President Obama made good on a threat…ah, promise…yesterday and, using that executive order pen he likes to talk about and wave around, raised the minimum wage for federal contractors from $7.25 to $10.10, representing a nearly 40% spike:
Mr. Obama said the federal minimum wage needs to be raised across the board because the current rate, due to inflation, “is worth about 20% less than it was when Ronald Reagan took office – 20% less, a fifth less.”
The move is the first step in a broader fight over the minimum wage being pushed by Democrats during an election year and part of the president’s effort to narrow the income inequality gap. (Our colleagues at the Real Time Economics blog take a look at who benefits from a higher minimum wage.)
Now, it’s just for federal contractors — with, to WSJ’s point, an eye toward a campaign issue — but it’s still not a very good sign because it’s likely a shallow move to gain political favor that sets a bad example for a couple of different reasons.
First, it’s yet another swipe at Congress who, as much as they are fairly maligned, are still the colleagues with whom our President must work. And quotes like this one are, frankly, rude and counter productive:
President Obama clearly believes what Nixon once said, that if the president does it, it’s not illegal. Now, he’s trying to circumvent the law that helps protect patient privacy in order to restrict millions of Americans from buying firearms.
President Barack Obama said he wants to see state governments contribute more names of people barred from buying guns to the database, part of a sweeping set of executive actions he announced after a gunman killed 20 children and six adults at Sandy Hook Elementary School in Newtown, Connecticut, in December.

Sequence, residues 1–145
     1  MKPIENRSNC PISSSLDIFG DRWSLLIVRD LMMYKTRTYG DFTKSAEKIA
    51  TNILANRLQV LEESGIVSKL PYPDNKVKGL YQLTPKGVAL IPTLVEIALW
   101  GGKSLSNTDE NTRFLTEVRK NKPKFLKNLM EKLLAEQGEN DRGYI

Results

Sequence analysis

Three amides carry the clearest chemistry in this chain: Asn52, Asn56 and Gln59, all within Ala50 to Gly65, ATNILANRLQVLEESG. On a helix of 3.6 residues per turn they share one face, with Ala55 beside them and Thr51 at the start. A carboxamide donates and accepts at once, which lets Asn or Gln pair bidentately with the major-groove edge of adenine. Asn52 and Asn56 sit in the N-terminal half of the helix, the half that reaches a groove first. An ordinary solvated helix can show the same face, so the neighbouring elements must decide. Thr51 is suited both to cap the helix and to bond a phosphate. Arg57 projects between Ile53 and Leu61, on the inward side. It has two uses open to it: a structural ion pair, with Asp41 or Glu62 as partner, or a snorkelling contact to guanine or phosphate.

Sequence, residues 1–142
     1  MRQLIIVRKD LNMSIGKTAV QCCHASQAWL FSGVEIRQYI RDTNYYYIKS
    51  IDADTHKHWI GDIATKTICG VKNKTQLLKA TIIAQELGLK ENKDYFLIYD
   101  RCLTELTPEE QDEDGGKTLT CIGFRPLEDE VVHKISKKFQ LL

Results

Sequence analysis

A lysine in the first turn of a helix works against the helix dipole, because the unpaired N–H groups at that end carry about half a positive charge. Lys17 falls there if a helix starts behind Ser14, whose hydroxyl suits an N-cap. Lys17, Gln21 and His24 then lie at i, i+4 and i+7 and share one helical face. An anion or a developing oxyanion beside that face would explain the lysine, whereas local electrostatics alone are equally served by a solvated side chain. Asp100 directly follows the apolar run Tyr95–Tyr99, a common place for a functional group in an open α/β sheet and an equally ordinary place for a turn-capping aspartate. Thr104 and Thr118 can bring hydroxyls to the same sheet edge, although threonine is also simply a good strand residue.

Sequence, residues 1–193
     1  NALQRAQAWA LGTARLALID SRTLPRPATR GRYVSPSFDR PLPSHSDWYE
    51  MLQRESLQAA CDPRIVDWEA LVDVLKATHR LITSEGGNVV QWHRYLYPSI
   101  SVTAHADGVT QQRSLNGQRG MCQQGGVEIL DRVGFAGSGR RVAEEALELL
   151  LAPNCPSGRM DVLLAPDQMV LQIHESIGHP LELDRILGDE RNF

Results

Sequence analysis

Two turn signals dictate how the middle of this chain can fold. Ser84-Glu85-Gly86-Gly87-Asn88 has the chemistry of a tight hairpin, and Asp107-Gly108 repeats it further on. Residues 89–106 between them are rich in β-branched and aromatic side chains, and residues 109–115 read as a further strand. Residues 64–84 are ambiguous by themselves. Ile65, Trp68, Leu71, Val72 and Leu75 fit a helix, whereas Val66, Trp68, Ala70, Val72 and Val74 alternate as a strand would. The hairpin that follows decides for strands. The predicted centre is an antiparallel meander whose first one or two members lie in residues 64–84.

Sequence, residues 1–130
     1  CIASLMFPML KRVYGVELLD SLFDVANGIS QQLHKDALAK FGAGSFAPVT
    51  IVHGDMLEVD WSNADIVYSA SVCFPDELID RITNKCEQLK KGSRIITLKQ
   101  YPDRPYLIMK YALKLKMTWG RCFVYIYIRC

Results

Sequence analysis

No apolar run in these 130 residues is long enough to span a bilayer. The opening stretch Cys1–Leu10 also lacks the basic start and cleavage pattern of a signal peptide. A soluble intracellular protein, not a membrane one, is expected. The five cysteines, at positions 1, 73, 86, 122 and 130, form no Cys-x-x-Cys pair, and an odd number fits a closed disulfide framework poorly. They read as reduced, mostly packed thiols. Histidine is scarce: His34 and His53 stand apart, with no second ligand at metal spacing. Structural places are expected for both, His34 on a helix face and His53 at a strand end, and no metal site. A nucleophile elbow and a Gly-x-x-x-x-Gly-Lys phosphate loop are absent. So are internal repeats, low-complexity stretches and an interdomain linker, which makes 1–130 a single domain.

The database, called the National Instant Criminal Background Check System, or NICS, is used by gun dealers to check whether a potential buyer is prohibited from owning a gun.
States are encouraged to report to the database the names of people who are not allowed to buy guns because they have been involuntarily committed to a mental hospital, or have been found to have serious mental illnesses by courts.
Many states do not participate. So the administration is looking at changing a health privacy rule - part of the Health Insurance Portability and Accountability Act (HIPAA) - to remove one potential barrier.
Here’s the problem with that. You see, the law actually prevents people who have been adjudicated from owning firearms. It says nothing about specific diagnosis. It requires a court to determine an individual is unfit to own firearms.
President Obama seeks to skirt two laws in one fell swoop.
Unsurprisingly, gun rights advocates have reacted, sending thousands of letters to the Health and Human Services Department. However, the department also received a number of comments from health professionals.
Earlier this week, Sen. Rand Paul (R-KY), son of former Rep. Ron Paul (R-TX), slammed over the measures President Barack Obama planned to take in what the White House claimed was an effort to curb violence.